At last, the long-awaited Yangon street style post, perhaps the only Yangon street style post on the entire world wide web.
These are a few street photos from my trip to Myanmar a few months ago.
Myanmar has been under military rule for decades and has been cut off from the western world until recently. So most people still wear the traditional longyi, a long skirt tied at the waist. Men and women tie it differently. Almost everybody wears a dress shirt. Flip flops are the national footwear.
The absence of western t-shirts, blue jeans and shorts is refreshing. The Myanmar people look dignified across age, gender and occupation and make the tourists look disheveled by comparison.
Myanmar people are also unbelievably friendly, tolerating and sometimes welcoming picture taking by visitors.
A few opt for western style clothes or hair.
And some young people mix and match - a longyi with a t-shirt as an example.
Many women carry colorful plastic totes instead of a handbag, which allows room for lunch.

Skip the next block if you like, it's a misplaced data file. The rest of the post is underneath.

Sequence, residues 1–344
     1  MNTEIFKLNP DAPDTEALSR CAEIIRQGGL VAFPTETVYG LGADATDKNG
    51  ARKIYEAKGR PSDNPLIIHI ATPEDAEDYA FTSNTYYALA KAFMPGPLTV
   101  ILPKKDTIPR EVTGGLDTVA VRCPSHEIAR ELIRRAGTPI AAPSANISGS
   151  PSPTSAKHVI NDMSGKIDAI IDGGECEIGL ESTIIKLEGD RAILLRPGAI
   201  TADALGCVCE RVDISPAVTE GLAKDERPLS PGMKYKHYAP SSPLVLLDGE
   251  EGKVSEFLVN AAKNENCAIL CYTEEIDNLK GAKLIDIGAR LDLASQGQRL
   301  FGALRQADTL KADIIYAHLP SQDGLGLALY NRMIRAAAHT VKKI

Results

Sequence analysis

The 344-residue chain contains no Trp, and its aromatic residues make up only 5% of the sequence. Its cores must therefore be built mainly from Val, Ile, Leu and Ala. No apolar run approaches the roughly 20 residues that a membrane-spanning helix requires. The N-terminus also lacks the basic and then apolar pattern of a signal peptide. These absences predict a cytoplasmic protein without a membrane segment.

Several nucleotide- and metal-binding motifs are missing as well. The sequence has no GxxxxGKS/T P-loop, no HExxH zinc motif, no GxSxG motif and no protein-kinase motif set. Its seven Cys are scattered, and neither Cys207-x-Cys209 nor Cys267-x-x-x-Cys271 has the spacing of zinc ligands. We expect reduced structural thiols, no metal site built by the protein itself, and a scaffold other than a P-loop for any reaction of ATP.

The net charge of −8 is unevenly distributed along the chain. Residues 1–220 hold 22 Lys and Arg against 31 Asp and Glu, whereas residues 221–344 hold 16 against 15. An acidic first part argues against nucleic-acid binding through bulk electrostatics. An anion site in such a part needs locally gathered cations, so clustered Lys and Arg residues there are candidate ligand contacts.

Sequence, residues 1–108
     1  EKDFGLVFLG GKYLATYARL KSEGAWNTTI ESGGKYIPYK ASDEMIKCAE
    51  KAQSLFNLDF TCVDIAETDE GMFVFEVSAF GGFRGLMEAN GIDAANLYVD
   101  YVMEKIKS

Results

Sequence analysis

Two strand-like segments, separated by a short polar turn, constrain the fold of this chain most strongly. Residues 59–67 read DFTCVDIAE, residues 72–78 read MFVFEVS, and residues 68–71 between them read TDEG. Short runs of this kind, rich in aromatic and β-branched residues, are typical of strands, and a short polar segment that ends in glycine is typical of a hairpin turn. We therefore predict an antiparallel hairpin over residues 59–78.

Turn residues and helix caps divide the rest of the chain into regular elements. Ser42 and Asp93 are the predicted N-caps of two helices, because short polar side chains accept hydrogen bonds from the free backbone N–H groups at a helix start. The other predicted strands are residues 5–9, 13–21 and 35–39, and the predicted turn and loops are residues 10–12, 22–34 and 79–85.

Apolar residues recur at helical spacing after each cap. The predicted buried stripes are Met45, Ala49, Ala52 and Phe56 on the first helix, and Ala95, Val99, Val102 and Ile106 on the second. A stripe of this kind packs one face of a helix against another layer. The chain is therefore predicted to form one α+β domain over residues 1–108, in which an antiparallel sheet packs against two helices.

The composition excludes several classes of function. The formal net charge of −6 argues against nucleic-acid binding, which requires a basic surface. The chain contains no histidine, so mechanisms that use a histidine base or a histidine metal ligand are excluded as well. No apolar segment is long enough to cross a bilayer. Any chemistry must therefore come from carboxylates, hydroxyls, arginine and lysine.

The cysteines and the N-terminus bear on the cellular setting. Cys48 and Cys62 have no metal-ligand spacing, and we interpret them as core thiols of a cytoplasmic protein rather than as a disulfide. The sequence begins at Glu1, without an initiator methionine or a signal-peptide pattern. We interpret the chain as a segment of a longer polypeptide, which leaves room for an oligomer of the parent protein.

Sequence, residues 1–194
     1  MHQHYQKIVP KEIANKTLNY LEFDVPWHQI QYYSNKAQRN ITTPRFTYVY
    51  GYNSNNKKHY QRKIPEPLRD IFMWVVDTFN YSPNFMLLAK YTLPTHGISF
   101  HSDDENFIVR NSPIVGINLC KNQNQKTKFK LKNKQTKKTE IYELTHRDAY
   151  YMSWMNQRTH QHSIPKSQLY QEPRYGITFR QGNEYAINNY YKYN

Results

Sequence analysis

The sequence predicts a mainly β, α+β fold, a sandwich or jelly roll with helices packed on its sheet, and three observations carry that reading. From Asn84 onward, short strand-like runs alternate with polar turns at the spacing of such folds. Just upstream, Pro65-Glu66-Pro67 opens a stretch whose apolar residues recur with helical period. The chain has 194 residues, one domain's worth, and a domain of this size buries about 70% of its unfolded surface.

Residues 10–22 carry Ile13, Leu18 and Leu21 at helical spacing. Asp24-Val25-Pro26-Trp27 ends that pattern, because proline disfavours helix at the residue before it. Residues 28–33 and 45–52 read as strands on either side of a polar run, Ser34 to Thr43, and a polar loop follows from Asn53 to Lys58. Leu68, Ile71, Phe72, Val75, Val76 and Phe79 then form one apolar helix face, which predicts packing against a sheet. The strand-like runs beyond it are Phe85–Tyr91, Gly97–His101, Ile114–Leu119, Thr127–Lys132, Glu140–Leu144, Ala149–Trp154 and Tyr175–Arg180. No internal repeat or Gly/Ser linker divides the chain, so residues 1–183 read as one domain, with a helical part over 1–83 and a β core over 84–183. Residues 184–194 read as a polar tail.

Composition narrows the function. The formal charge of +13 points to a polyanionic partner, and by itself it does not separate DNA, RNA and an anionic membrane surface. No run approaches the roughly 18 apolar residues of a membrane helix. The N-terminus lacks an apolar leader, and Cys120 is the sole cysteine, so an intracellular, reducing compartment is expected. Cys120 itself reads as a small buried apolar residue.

The top of the head is also useful for carrying everything from tiny bowls to entire street food stations.
Myanmar men and women are fearless about mixing pattern.
Women, children and some men wear thanaka, a cosmetic paste made from bark and used as a sunscreen.
Female Buddhist monks wear pink robes with an orange sash.
Yangon is mostly Buddhist with a mix of Muslim and Christian.
Add a bright head covering, thanaka, betel nut, and bubble tea and you have a colorful mix.
Vendors sell antique hill tribe jewelry.
And for you DIYers out there, this is standard equipment. People carry foot-pedaled sewing machines out to the street and set up shop repairing and making clothes, shoes and bags. Nothing is wasted.
Colonial-era buildings that have barely changed since the British left.
I'll share some of the goodies I bought in an upcoming post.